The girls have made some academic progress this year.  But what’s most important is that they gain life skills and independence.  They’re learning to be independent of me.  And they’re also learning to be independent of each other.  Yesterday I walked Mikayla to the end of the driveway to wait for the bus.  She turned around and said “Mommy, you need to go in the house.”  Yes I do.  You need to learn to go out into the world without me and I need to go in the house.  You don’t need me as much as you used to.  And I love it.  But even though I’m in the house please know that I’ll be peeking out the window to make sure that you’re ok.  And that will never change.

Learning to Dance in the Rain

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Life isn’t about waiting for the storm to pass.  It’s about learning to dance in the rain.  I stumbled across this saying a couple of years ago.  I’ve thought about it often when life’s challenges have me frustrated.   Will I ever learn to take my eyes off the storm? Is it really possible to learn to enjoy life when I’m in the middle of a storm?  A few months ago I bought a wall hanging with the saying on it.   It reminds that I need to enjoy life even in the midst of the challenges.  Even when it’s hard.  Even when things never seem to change.  Even when my heart wants it but my mind thinks it’s impossible.  I need to learn how to dance in the rain.

As I was sitting on the couch admiring my new piece of artwork I was reminded of a day from my childhood.  I was outside playing with my sisters.  It started raining and we ran to the shelter of the block barn that’s across from the house. Once we were safely under the shelter it started pouring. The rain was running down the metal roof and showering down upon the ground.  It was calling us to play in it.  So we did.  We laughed.  We danced.  We were having the time of our lives. And then it happened.

Mom came around the side of the house and yelled at us to come inside.  Really?  What’s the big deal about dancing in the rain?  We’re not fighting. We’re having fun.  We’re not pulling each others hair or scratching each other.   We’re actually being good.  And you want us to go in the house?  I just don’t get it.  Years later I brought up my memory of that day to my mom.  I told her I’d never understood why she ruined our fun that day. She filled me in on the detail that my childish mind failed to remember about that day.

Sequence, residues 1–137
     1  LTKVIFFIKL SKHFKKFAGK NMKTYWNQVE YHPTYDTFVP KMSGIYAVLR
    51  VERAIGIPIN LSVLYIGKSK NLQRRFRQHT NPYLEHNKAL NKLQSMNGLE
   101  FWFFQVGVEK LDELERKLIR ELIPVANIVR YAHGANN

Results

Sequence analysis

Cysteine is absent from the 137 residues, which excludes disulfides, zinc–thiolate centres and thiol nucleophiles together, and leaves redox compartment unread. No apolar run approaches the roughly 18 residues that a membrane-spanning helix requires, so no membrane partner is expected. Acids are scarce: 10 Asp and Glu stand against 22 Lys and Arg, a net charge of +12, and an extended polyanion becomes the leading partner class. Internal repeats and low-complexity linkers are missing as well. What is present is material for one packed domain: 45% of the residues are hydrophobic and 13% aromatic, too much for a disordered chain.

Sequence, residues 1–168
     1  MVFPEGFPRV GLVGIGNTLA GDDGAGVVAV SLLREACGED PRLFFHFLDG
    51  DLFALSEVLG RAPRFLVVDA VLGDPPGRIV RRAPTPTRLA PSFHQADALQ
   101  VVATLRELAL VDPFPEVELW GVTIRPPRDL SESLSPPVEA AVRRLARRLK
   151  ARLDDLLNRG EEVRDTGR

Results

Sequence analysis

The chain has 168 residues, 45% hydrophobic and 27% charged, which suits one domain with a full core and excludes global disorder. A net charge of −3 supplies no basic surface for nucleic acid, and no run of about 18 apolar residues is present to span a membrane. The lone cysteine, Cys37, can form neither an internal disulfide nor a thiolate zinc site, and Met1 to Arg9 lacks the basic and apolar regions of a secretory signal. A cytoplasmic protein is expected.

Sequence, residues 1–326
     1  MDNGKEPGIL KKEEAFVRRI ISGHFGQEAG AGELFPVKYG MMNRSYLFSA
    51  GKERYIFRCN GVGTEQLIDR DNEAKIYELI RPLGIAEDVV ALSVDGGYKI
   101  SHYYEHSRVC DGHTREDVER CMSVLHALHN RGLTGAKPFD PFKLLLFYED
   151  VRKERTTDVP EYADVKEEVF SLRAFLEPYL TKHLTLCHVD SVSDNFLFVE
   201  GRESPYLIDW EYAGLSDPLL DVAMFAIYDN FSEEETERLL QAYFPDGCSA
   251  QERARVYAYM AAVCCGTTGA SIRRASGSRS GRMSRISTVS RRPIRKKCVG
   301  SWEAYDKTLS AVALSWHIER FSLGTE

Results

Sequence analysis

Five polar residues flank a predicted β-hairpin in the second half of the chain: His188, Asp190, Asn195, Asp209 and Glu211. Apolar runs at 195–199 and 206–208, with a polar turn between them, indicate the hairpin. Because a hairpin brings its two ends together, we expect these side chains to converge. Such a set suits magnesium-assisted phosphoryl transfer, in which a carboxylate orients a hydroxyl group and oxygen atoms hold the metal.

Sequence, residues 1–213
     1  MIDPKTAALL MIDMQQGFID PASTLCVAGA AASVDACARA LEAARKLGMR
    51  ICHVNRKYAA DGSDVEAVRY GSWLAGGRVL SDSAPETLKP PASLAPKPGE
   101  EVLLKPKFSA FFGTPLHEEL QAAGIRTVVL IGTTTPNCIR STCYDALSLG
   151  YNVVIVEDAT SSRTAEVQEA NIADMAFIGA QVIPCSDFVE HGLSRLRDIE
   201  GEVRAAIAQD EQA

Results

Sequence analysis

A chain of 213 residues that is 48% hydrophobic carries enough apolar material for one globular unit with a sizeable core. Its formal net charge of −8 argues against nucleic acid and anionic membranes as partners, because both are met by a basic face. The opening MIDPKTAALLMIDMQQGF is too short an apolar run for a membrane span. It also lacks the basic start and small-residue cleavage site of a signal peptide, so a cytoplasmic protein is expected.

Mom looked out the kitchen window and she saw her three little sweethearts dancing in the rain.  I’m sure she thought we were pretty cute.  But she came outside and ruined our fun because she could see something that we couldn’t see.  There was lightning behind the barn.  She made us come in the house because it was her job to keep us safe.  Dance in the rain unless Momma tells you not to.   Momma knows best.

It’s easy to dance in the rain when we’re a kid. We don’t have anything to worry about.  We don’t worry about the mud splashing up on our clothes. We don’t worry about the lightning.  We just dance because it’s fun.  But then we grow up.  We have bills to pay, food to cook, dishes to wash, and muddy clothes to spray and wash.  Life becomes complicated and downright hard.  If only this would happen then I could enjoy life. Or if only this hadn’t happened then I could enjoy life.

If I could only lose weight.  Then I would be happy.   

I am so sick of washing dishes.  Carol Brady was one lucky woman.  I wish I had an Alice around here to cook and clean for me. Then I wouldn’t have all this work to do.

I’ll enjoy life when my kids start acting right.

It would be easy to enjoy life if I didn’t have to deal with anxiety every day.  

I wish my house looked like her house.

I wish I had her life.  Must be nice.

I finally finished filling out the 65 pages of medical forms so that our girls can see a developmental pediatrician.  Parents of kids with special needs have so many more things to worry about (sigh).  Now I have a headache and I need to eat a bag of chocolate.

Why do our girls have to have sensory processing disorder?  The battle with the socks every morning is frustrating.  I wish they didn’t have to deal with so much stuff.   

I spend so much time every day answering the same questions over and over again.  It’s totally exhausting.

Life would be so much better if someone in this house could hear me when I’m talking to them.  (Then my husband says “Huh? What did you say?”And I roll my eyes and laugh because he’s just so stinking funny.)